React Component Lifecycle

All the react component goes through a lifecycle which enables you to perform a specific task at any specific time. In order to achieve that you can override the life cycle methods. Methods prefixed with will are called right before something occurs (events), and methods prefixed with did are called right after something occurs.

Let us understand all the functions in all the phases of life cycle :

setup props and state(constructor(props))

You all must be heard about the constructor . Constructors are the basic of OOP . It is the first function which will be called whenever a new object is created even it is called before the component is mounted. One thing should be noted that before any lines of statement ,you should call super(props) in order to use this.props.It will call the constructor of parent in order to avail “props” to our constructor.

This is also the only place where you are expected to change/set the state by directly overwriting the this.state fields. In all other instances remember to use this.setState.


It is depricated. It is not that much different from constructor. It is invoked just before mounting occurs. It is called before render(), therefore calling setState() synchronously in this method will not trigger an extra rendering. But It is recommended to use constructor for the same.


Among all the React developers , render() is most famous.  We create Elements (generally via JSX) and return them. We access the Component via this.props and this.state and these values tells about how content should be generated. Any changes we made  during  componentWillMount() are fully applied for this.state.

render() must not allow to modify component state, it returns the same result each time it’s invoked, and it does not directly interact with the browser. If you need to interact with the browser, perform your work in other lifecycle methods.


componentDidMount() is invoked just after the mounting of a component. Statements that requires the DOM i.e which need the UI to be rendered should be kept here. Don’t use setState() in this method, as it will trigger an extra rendering . Though the user will not see the extra rendering but it will cause the performance issue.


It is depricated. componentWillReceiveProps() is invoked before a component receives new props. In this method you can compare the previous props with the newer one and based on that you can change the state and other updates

Calling this.setState() doesn’t trigger componentWillReceiveProps().

shouldComponentUpdate(shouldComponentUpdate(nextProps, nextState))

This can be used to let  React know if a component’s output is affected by the current change in state or props. Talking about the default behavious of this fuction, it will re-render on every state change.

This method is not called for the initial render. If this method returns false, then componentWillUpdate()render(), and componentDidUpdate() will not be invoked.

It is not recommend doing deep checks or using JSON.stringify() in shouldComponentUpdate(). It will degrade the performance badly.

componentWillUpdate(componentWillUpdate(nextProps, nextState))

This method is invoked just before rendering when new props or state are being received. This method is not called for the initial render. You can do the stuffs required before updation occurs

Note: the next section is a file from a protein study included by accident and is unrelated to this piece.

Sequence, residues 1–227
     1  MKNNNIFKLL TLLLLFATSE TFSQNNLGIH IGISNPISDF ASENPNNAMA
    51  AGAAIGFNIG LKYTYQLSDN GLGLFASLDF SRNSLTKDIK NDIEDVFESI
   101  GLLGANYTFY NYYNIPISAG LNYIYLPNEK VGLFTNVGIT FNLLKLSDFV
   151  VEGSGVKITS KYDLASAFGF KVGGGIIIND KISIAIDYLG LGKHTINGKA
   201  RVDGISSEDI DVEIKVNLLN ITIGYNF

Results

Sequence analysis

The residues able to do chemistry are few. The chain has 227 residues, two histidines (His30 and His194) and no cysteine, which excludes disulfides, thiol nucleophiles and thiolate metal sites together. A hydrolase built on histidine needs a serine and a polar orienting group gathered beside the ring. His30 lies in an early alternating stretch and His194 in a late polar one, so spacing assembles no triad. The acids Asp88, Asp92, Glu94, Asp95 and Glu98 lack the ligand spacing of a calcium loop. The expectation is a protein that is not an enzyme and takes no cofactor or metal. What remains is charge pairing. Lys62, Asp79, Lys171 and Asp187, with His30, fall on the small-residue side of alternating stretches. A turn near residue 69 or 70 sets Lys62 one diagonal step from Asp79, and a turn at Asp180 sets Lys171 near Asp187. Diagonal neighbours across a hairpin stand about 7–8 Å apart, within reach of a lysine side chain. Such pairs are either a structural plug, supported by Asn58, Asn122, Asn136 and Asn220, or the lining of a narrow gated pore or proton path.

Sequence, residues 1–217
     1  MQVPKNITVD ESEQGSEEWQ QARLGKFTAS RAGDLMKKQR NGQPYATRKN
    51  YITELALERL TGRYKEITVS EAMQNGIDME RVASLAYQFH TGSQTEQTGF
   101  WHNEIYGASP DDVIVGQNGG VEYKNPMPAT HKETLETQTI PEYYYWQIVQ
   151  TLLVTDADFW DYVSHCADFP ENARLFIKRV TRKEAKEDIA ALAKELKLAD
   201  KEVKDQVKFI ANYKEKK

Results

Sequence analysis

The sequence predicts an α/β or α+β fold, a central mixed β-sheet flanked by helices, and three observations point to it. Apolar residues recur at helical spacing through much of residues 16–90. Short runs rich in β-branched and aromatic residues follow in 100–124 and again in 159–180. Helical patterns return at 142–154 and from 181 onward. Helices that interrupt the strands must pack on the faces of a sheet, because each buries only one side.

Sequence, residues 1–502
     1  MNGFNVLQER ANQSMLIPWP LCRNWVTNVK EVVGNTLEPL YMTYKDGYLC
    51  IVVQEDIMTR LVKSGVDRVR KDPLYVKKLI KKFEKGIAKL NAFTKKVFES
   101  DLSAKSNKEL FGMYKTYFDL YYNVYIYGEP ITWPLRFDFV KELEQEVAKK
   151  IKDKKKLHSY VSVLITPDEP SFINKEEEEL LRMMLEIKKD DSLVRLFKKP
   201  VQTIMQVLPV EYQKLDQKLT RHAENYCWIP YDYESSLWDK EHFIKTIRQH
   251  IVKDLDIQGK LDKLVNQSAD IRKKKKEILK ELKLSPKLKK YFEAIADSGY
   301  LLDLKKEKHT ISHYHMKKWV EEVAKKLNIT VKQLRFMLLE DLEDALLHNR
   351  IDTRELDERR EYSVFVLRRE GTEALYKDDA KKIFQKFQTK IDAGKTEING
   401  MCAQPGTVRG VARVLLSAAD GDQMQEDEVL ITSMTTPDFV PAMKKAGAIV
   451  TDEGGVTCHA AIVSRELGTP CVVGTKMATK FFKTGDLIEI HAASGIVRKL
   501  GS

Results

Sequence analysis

This method is only invoked if shouldComponentUpdate() will be invoked.

componentDidUpdate(componentDidUpdate(prevProps, prevState, snapshot))

This method is invoked just after updation occurs. This method is not called for the initial render. Statements that requires the DOM i.e which is needed after UI is updated should be kept here. It is the place where you can do the server call after comparing current and previous props.


It is the method which is invoked immediately before a component is unmounted and destroyed. you can write the statements to cleanup any resource.


We can understand it with the help of example. Here we are setting the initial state inside of the constructor. The setDigit is used to update the state.


import React from 'react';
import Content from './Content';
class App extends React.Component {
   constructor(props) {
      this.state = {
         myDigit: 0
      this.setDigit = this.setNewNumber.bind(this)
   setNewNumber() {
      this.setState({myDigit: this.state.myDigit + 1})
   render() {
      return (
            <button onClick = {this.setDigit}>INCREMENT</button>
            <Content sentDigit = {}></Content>
export default App;


import React from 'react'
class Content extends React.Component {
   componentWillMount() {
      console.log('Component WILL MOUNT!')
   componentDidMount() {
      console.log('Component DID MOUNT!')
   componentWillReceiveProps(newProps) {    
      console.log('Component WILL RECIEVE PROPS!')
   shouldComponentUpdate(newProps, newState) {
      return true;
   componentWillUpdate(nextProps, nextState) {
      console.log('Component WILL UPDATE!');
   componentDidUpdate(prevProps, prevState) {
      console.log('Component DID UPDATE!')
   componentWillUnmount() {
      console.log('Component WILL UNMOUNT!')
   render() {
      return (
export default Content


import React from 'react';
import ReactDOM from 'react-dom';
import App from './App.jsx';

ReactDOM.render(<App/>, document.getElementById('app'));

setTimeout(() => {
   ReactDOM.unmountComponentAtNode(document.getElementById('app'));}, 5000);

After initial rendering, the screen will be-

and the console will be

Component WILL MOUNT!
Component DID MOUNT!

After clicking INCREMENT button, the updation will call other lifecycle methods.

Component WILL UPDATE!
Component DID UPDATE!

And after 5 seconds, the component will unmount and the log will be



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